6. 6 RP
    15 December 2009 at 3:01 am

    @Brian I don’t think CGI is really a big issue. It’s just a tool. It can be used to create shortcuts and save money, or animate things that wouldn’t have looked as good before. The responsibility for imagination and creativity lies with the writers and directors. There have been just as many unimaginative animes in the past as there is today.

  7. 15 December 2009 at 10:26 am

    @RP: I agree with you on the last sentence, “there have been just as many unimaginative animes in the past as there is today.” It takes a spark of genius of create one frankly, and once they do, they not only create the most celebrated animes, they also create a culture. Anime cultures, e.g., Gundam and Haruhi, are a result of brilliant creativity and smart marketing strategies. And I blame the use of the CGI because the animators tend to become lazy and often use shortcuts to tell their story. Of course, CGI helps to save time and money but my point is overdependence of CGI. Look at H&C and Nodame. They use minimal CGI and most of the time, water colour palettes. Yet, these animes are among those most memorable despite their simplicity. In the end, it’s the plot that matters. The visual effect is for viewing experience.

  8. 15 December 2009 at 10:45 am

    Well said. I pretty much made the same discovery this year when I started watching UC Gundam and other old shows. I knew something had changed when I was able to read Colony Drop without wanting to punch my computer ;P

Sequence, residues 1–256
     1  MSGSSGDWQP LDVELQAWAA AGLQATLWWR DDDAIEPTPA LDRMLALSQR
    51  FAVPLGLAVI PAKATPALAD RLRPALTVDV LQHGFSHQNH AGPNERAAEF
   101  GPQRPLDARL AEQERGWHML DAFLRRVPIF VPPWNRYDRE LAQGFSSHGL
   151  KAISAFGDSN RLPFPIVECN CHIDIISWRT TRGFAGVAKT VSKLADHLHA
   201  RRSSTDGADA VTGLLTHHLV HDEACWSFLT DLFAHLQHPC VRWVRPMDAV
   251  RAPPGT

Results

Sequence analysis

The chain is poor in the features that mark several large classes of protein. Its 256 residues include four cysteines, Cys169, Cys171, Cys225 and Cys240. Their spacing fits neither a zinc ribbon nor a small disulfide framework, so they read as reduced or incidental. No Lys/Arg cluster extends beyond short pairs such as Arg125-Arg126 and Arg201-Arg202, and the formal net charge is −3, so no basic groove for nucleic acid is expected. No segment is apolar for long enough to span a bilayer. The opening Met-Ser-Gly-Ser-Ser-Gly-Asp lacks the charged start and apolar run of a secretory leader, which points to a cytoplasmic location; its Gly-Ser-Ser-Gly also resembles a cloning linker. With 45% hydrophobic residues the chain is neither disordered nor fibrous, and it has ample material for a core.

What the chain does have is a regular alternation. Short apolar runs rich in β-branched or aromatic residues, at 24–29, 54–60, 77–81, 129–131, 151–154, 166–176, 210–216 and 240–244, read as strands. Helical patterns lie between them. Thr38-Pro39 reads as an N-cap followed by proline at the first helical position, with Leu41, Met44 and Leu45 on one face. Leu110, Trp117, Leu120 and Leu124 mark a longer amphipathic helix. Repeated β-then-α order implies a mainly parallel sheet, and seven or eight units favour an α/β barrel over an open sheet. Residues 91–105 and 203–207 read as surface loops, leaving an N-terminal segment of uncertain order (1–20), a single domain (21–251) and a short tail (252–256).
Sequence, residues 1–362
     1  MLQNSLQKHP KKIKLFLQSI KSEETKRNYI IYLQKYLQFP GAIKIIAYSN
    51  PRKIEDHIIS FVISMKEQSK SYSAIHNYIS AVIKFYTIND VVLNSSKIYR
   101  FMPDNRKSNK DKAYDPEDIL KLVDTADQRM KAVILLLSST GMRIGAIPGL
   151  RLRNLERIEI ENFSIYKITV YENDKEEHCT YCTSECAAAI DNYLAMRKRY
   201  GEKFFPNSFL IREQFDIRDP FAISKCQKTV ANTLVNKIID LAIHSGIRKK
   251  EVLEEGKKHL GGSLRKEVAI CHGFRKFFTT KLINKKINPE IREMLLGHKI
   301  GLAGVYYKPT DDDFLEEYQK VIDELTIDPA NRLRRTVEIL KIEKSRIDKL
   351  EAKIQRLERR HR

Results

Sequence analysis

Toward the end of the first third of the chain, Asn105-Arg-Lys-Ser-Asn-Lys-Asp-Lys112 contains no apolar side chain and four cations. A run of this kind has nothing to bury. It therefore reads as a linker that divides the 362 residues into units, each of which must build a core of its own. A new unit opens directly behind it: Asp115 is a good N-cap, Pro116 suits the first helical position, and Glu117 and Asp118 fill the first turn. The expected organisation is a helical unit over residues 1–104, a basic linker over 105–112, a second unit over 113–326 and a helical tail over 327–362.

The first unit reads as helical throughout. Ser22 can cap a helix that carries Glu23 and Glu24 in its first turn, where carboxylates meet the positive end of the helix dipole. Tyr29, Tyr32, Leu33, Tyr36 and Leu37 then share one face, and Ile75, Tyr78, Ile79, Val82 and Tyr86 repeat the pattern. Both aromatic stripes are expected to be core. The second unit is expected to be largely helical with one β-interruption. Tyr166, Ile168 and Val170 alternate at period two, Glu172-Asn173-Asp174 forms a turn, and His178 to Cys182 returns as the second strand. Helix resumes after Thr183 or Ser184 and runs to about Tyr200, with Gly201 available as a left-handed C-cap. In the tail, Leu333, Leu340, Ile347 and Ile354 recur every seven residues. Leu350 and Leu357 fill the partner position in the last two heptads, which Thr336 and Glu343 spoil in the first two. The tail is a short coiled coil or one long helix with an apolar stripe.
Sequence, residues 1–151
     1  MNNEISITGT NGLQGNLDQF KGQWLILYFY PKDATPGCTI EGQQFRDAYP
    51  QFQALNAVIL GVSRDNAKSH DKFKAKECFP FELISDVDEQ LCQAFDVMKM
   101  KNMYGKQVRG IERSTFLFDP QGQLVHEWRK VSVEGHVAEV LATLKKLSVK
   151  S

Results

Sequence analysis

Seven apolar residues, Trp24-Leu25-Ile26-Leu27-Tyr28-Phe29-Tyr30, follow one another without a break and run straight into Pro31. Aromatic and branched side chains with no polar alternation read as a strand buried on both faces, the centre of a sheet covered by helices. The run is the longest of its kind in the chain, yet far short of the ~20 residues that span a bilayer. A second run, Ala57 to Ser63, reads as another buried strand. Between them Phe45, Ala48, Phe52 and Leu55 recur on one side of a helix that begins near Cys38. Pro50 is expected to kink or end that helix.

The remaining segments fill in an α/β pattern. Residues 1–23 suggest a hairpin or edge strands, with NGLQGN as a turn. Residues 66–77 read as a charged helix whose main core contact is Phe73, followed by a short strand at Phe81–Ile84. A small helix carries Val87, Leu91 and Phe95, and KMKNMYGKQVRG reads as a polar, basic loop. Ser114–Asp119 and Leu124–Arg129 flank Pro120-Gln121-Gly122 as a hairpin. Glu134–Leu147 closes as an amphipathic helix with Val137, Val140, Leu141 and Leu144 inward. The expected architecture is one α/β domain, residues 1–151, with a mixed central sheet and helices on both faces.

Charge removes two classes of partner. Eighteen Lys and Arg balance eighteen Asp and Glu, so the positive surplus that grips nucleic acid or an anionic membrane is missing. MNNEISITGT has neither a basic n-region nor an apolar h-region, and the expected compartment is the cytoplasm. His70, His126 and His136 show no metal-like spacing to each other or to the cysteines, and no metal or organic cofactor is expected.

9. 9 RP
    15 December 2009 at 11:59 am

    @Brian: I’m not sure where CGI itself is the problem though. Lazy animators have always taken shortcuts, whether it’s static background images, cutting framerate, skimping on the details, or overuse CGI. It’s the creators that are to blame, not the tool. CGI is a non-factor in H&C and Nodame, because neither had stories that called for much use of it. If you want to build an anime around CGI, sure you might get crap (the Michael Bay effect). But CGI used well can make a good anime look even better. Pixar like you mentioned, being a prime example.

  10. 15 December 2009 at 7:52 pm


    Notice I said the ‘day’ I understood the oldfags? Maybe if I had read everything by Colony Drop on that day I would have liked them. But any other day I get that urge to punch the screen you mentioned.

  11. 11 dm00
    16 December 2009 at 1:32 am

    Gosh. I can remember when saying “I’ve watched Akira” branded you as a newbie.

    On the other hand, I don’t look at the new season and automatically think, “Anime is getting worse and worse every year.”

    Instead, I look at the new season and think: “There’s probably a surprise waiting for me, I wonder what it will be.”

  12. 16 December 2009 at 6:14 pm



    just kiddin’. I’m kinda looking forward to the day when I’m branded an oldfag for loving Death Note

  13. 16 February 2010 at 2:25 pm

    @RP: I agree with you 100%! If anything it’s the animators fault, not CGI, which is exactly as you said – just a tool.